Things of Beauty Growing tells the story of studio pottery in Britain, from the 1920s to the present. Works in this exhibition have been selected from distinguished private collections as well as from great museums across the UK and includes ceramics by Bernard Leach, Lucie Rie, Hans Coper, Edmund de Waal, Alison Britton, Grayson Perry, Clare Twomey and Julian Stair. Featuring a number of the Fitzwilliam Museum’s own objects, this exhibition was curated in conjunction with Yale Center for British Art, New Haven, Connecticut and comes to us following its run there. Friends are invited to a special evening where Helen Ritchie, Applied Arts Research Assistant, will give a presentation on this seminal exhibition. Friends will then be invited to enjoy exclusive access to the exhibition before it opens to the public and runs from 20 March – 18 June 2018.

18.00 Doors open at the Courtyard Entrance

18.20 Curatorial talk

18.45 Exhibition opens

20.00 Event ends

Places: 130 • Guests welcome
Cost: £18 includes drinks reception
Venue: The Fitzwilliam Museum, please arrive via the Courtyard Entrance


Friends Study Morning

Flux: Parian unpacked and Things of Beauty Growing: British studio pottery with the Applied Arts Department

Wednesday 18 April • 10.15 – 13.00

Image: After Gainsborough © Matt Smith

An impressive one room installation, Flux: Parian unpacked at The Fitzwilliam Museum (6 March – 1 July 2018) by ceramic artist and curator Matt Smith, will feature over 100 sculptural Parian busts depicting well-known figures from history, especially from the 19th Century. Parian is a fine, unglazed porcelain resembling marble. It is an unstable material, and the unpredictability of it provides a platform from which we can examine our changing views of history and our changing opinions of those individuals depicted – accepting that our understanding of the past is always in flux.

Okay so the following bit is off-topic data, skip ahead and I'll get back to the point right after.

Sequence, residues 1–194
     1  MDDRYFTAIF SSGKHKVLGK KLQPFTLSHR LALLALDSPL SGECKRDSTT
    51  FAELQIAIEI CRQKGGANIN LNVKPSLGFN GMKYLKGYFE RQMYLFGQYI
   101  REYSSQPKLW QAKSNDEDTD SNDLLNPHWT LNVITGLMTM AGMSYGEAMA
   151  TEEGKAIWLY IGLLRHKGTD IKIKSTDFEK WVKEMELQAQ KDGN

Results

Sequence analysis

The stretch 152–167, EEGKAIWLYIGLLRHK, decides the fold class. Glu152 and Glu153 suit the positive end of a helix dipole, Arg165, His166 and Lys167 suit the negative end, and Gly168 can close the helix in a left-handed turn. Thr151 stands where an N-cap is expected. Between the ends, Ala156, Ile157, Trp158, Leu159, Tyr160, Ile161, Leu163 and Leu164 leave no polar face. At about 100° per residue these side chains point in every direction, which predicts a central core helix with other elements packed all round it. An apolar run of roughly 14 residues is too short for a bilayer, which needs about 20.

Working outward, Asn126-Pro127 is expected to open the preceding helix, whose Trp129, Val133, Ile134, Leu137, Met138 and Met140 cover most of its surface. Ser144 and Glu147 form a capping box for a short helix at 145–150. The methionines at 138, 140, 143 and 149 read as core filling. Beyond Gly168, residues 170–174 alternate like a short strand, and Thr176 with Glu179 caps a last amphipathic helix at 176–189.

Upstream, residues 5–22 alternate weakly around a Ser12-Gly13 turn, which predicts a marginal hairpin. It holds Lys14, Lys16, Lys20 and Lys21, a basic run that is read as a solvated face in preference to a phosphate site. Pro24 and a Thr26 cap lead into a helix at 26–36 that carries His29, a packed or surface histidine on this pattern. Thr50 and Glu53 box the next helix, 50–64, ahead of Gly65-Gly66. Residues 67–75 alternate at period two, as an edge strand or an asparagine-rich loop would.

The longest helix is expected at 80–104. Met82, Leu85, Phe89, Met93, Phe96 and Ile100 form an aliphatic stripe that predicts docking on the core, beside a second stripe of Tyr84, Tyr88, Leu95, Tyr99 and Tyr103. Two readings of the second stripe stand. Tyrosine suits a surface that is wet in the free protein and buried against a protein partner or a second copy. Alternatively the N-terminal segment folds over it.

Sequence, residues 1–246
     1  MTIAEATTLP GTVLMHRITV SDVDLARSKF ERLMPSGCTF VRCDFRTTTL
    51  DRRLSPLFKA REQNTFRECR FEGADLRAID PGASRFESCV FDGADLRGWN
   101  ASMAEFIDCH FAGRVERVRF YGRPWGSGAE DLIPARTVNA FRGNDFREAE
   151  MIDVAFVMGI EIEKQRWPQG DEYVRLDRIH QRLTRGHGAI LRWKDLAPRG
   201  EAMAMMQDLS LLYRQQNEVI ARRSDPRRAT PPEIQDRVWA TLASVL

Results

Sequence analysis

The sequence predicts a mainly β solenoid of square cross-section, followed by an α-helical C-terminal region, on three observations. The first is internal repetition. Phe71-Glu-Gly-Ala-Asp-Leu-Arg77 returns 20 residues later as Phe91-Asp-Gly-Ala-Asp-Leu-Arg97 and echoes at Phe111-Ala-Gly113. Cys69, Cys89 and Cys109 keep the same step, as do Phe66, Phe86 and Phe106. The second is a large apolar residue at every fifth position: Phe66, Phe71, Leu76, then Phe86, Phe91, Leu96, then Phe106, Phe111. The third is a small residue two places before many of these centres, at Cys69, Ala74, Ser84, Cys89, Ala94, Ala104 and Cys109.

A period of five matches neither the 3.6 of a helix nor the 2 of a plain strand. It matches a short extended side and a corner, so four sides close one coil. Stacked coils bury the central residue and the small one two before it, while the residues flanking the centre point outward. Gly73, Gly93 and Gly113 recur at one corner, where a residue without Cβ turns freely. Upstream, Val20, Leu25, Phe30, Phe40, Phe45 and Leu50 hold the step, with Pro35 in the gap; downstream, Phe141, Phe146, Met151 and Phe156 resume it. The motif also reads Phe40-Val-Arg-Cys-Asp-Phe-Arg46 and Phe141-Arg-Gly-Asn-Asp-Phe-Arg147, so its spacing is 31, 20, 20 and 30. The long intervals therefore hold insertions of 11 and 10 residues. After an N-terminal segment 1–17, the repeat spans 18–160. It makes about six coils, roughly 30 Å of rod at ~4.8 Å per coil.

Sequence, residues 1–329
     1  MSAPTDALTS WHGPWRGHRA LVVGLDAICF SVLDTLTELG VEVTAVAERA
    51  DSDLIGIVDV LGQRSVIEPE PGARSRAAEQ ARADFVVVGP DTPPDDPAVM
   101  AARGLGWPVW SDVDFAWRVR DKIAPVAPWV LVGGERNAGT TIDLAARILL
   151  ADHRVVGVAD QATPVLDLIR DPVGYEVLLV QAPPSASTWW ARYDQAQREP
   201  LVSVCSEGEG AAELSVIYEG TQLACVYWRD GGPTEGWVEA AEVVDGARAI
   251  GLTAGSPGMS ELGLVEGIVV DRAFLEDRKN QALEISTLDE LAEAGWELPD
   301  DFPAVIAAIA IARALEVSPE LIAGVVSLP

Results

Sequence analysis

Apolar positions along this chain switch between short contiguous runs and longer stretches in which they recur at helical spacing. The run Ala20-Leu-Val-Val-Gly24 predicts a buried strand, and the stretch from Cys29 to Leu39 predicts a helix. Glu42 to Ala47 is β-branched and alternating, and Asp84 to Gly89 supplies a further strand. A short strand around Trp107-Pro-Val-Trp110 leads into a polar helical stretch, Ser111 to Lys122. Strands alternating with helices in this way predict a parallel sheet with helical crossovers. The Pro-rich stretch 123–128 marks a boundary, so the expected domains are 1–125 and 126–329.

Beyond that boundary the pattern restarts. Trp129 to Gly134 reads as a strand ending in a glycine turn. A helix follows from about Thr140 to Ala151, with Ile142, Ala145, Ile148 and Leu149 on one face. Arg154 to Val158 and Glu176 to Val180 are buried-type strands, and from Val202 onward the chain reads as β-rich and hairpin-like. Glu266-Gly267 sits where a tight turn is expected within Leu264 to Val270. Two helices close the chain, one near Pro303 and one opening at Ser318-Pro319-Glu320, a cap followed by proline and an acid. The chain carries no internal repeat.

Dr Vicky Avery and Helen Ritchie, both of the Applied Arts Department, will provide Friends with insight into this exhibition before leading the group on a tour of both Flux and Things of Beauty Growing exhibitions.

Places: 40 • Guests welcome
Cost: £20 includes coffee, tea and cake
Venue: The Fitzwilliam Museum, meet in the Seminar Room at 10.15


Day Trip to Peckover House and the Wisbech and Fenland Museum

Thursday 26th April • 9.30 – 16.45

For much of the 1700s and 1800s, Wisbech was a bustling inland port. Around 1720, labourers cleared the North Brink of the River Nene in preparation for the construction of what is now Peckover House. The house was purchased by Jonathan Peckover in 1794 and the family continued to live there for the next 150 years, making their own alterations and developments.

The Wisbech and Fenland Museum is one of the oldest purpose-built museums in the UK. Founded in 1835, it was re-located to the present purpose-built building in 1847, the year before the Fitzwilliam Museum opened to the public. The Museum houses a number of important collections relating to local history, natural science, antiquities and the anti-slavery campaigner Thomas Clarkson. Its star exhibit is the original manuscript of Charles Dickens' Great Expectations, the bequest of Chauncy Hare Townshend.

We are delighted to offer Friends the opportunity to visit two venues in one day. Starting with a private tour Peckover House in the morning then lunch in the thatched 17th century Barn Tea Room, before we travel a short distance for an afternoon tour of the eclectic collection housed at the Wisbech and Fenland Museum.

9.30 Cambridge Trumpington P & R – coach collection

10.15 Arrival (approx) for refreshments prior to the Private Tour of Peckover House

12.45 Lunch in the thatched 17th century barn Tea Room

14.00 Depart Peckover House by coach for Private Tour of Wisbech & Fenland Museum

16.00 Departure – coach returns to Trumpington P & R

Places: 50 • Guests Welcome
Cost: £50 includes morning coffee and lunch
Venue: Peckover House and the Wisbech and Fenland Museum, Wisbech, Cambridgeshire